The SoundEye Festival of the Arts of the Word is an annual festival dedicated to poetry and other artistic practices predicated on the power of word and text. It is held in Cork City, taking up the best part of a week in late-June to mid-July. It is one of Ireland’s largest poetry events, with up to 40 poets reading and a major international contingent at recent festivals.
To a great extent the festival originates with, and continues to be directed by, the experience of poet Trevor Joyce (b. Dublin 1947), about whose house in the historic Shandon district of Cork City the festival revolves. Joyce, who co-founded New Writers’ Press with Michael Smith in 1967, with whom he had published a number of collections of poetry, went through a period of almost twenty years silence from the late seventies. His return to writing corresponded with an invitation to a literary conference in the U.S. In Joyce’s own words: "In '96 I was invited to a huge Assembling Alternatives conference in New Hampshire. There I met a number of Irish poets for the first time, though I did already know some by name. There were Maurice Scully, Catherine Walsh, Billy Mills, Randolph Healy and Geoffrey Squires. I also met Tom Raworth, and learned that he travelled under an Irish passport. These Irish connections, while they might seem trivial to some, were of great importance to me, since I had long given up hope of any new wave of exploratory poetry coming out of Ireland. Their presence in New Hampshire among the hundred-plus poets there from the wider anglophone world indicated the existence of a living meshwork of poets, informed readerships and intelligent critics, which I hadn't suspected. The following year I was approached by Catriona Ryan, a post-grad student in Cork. She wanted to talk to me about my work, and how I seemed a lone voice in Ireland. I told her, and Matthew Geden, a fellow post-grad whom she'd enlisted, about the Irish poets I'd heard read in the U.S., but who were almost never invited to read in Ireland. We added in the name of Michael Smith, with whom I'd founded New Writers Press in Dublin in '67, and preparations for the first Cork Alternative Poetry Festival kicked off. I provided names and contact details, Catriona and Matthew did the work. That first year, we started with brief papers by Billy Mills, Alex Davis and myself, and had two sessions of readings. It was small, but seemed already perfectly formed."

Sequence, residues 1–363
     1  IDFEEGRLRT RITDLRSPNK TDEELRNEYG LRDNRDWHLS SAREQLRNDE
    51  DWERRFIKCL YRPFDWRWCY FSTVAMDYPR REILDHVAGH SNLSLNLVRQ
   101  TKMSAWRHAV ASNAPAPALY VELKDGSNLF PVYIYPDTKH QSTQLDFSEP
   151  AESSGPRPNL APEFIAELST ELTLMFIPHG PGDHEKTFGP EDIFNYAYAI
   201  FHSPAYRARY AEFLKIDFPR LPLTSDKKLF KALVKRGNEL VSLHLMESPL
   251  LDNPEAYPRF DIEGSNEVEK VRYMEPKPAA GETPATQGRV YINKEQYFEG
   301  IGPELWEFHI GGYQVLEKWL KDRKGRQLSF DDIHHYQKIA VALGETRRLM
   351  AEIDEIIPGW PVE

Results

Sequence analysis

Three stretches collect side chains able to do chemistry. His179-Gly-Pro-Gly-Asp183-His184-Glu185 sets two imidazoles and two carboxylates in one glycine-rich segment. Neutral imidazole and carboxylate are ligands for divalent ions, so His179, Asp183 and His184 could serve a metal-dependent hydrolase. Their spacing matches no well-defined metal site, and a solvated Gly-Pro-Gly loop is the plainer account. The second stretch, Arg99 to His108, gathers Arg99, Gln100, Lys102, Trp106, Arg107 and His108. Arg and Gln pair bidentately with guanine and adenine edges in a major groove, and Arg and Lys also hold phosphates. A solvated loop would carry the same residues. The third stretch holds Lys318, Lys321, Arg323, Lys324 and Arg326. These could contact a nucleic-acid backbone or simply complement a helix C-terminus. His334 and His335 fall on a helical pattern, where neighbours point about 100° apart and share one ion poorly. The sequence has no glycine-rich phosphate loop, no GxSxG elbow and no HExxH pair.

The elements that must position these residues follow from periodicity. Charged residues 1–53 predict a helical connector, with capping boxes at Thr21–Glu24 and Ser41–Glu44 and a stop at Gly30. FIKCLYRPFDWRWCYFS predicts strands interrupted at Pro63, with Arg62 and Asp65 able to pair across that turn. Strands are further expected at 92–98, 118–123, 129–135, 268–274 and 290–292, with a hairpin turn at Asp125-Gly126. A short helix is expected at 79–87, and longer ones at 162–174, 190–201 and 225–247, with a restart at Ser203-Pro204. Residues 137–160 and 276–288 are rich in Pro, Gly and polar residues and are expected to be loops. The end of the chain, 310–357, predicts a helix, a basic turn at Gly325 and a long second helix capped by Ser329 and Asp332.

The festival’s initial impetus petered out in 2000, with its gradual separation from University College Cork, but its subsequent revival was greatly boosted by European Capital of Culture funding in 2005, the year in which it also began to collaborate with contiguous arts events through the involvement of Fergal Gaynor, who was then co-curating the Cork Caucus. A cabaret event and involvement with local initiatives like The Avant and Sonic Vigil continue this line of development. In 2010 James Cummins and Rachel Warriner, who had programmed a section of the festival linked with their Default magazine, took over the largest part of the festival’s organisational duties.
In keeping with its initial purpose of creating a forum for serious writers consigned to the margins for reasons of the adventurousness or innovative quality of their work, SoundEye has tended to be associated with ‘modernist’ or ‘avant-garde’ poetry. The festival has, indeed, embraced its liminal associations, to the point of including textual art on the very edges of the poetic: e.g. video art, performance, sound poetry, conceptual art. It also sees itself, however, as part of an Irish poetry tradition stretching back to New Writers’ Press and the journal The Lace Curtain in the late-sixties, institutions that provided space for emerging poets of all kinds (Paul Durcan, Eiléan Ní Chuilleanáin and Michael Hartnett, for instance), as well as the representatives of Ireland’s thirties modernists (Brian Coffey, Denis Devlin and Samuel Beckett).
Accordingly, SoundEye has hosted readings by a wide range of poets across the years, from Ireland, the anglophone world in general, and even occasionally from non-anglophone nations.